done everything that matters for us and the best we can do is to humbly recognize that truth, then we are in a good place from which to walk through our days with
Spiritual rest is more a settled attitude, deep in our souls, than a spiritual discipline.
Spiritual disciplines assist us in relating to and humbling ourselves before God, and
I use many of them, but even those wonderful practices can become rote and
devolve into self-serving actions.
As a writer who has spent years teaching the beautiful truth that is found in the
Bible, I can easily move from soul-nourishing Bible reading to purposefully
scouring the text for a new angle or an interesting idea for an article. When that
happens, I am not depending on Christ but behaving like it’s all up to me.
If I have a lovely quiet morning, but make it all about what I need, I have not
rested in Him. But, even on my not-so-calm mornings, if I remember that God has
done it all for me, that I can’t come up with words that mean anything worth
reading without him, I can take a deep breath, and then another one, relax my rigid
shoulders, and face the day with a smile. I can rest.
Yesterday, a Sunday in December, I enjoyed a short devotion, my husband and I
went to church where I genuinely worshipped—not always the case—and spent my
afternoon flipping through magazines and finishing a novel while my husband
watched football. In the evening we drove to our grandsons’ energetically done but
chaotic Christmas program. It was a delightful day, and we didn’t once consult our
to-do lists, even though there is plenty to do.
It was physically, emotionally, and spiritually restful.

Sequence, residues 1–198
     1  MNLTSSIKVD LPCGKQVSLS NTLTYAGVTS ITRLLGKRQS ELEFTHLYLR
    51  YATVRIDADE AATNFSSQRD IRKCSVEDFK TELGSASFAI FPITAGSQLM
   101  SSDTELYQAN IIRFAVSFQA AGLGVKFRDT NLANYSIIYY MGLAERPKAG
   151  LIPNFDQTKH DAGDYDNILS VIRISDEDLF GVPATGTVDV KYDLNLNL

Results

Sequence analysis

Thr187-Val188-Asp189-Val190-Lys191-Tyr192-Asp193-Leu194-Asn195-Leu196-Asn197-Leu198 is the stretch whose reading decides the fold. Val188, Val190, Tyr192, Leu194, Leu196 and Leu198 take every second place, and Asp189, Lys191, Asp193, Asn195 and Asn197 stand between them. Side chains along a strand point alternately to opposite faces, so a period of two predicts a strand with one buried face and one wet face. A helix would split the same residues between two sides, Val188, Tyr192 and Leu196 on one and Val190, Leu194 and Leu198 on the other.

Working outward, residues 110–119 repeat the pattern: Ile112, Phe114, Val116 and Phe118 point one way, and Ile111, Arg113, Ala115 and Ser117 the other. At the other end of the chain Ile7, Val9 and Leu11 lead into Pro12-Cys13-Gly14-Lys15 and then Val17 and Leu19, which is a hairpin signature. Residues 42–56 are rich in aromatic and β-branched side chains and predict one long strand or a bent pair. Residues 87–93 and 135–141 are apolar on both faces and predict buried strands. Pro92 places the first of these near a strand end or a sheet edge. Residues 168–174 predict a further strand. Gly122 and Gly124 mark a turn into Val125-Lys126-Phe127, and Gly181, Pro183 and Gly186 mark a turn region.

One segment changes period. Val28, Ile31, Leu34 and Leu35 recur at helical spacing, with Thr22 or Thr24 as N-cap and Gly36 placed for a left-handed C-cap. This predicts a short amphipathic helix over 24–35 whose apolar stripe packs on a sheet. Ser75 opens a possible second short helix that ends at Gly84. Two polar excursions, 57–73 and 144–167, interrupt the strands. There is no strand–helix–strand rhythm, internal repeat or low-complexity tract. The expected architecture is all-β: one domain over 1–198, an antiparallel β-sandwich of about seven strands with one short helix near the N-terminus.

Photo by Priscilla Du Preez on Unsplash
- Giving Up the Shoulds and Coulds - January 25, 2023
5 thoughts on “Giving Up the Shoulds and Coulds”
Judy – how often I start my day with obligation instead of appreciation for the One “who has blessed us in the heavenly realms with every spiritual blessing in Christ.” Grateful for this redirect on where we TRULY find rest for our souls. Thank-you!!!
Same here, Nichole. Too often I am consumed by what I have to or want to do and don’t bother to remember that God has done everything for me. When I do remember, it’s a restful relief!
Amen to that!
Judy, Such timely words for me! In January, I typically get stuck in the goals/intentions/dreams for the new year, and this includes my desires for Bible reading, prayer time, and meditation. I begin with so much energy and purpose. And success! And then real life enters and *ahem* disturbs my to-do list. I have learned to let go most of the time, but I needed the reminder today. Your words, “Perhaps God wants us to rest in what he has done for us instead of trying to check the boxes of what we think we should do for him” hit home. Thank you again for wisdom.
It seems too easy to rest in what God has done for us, doesn’t it? I often feel like I should contribute more, that I haven’t done enough, but that’s a self-evaluation based on cultural standards. God’s standards are simply to do what he asks. Period. How often I need to remember that! Thanks for taking the time to comment, Beth.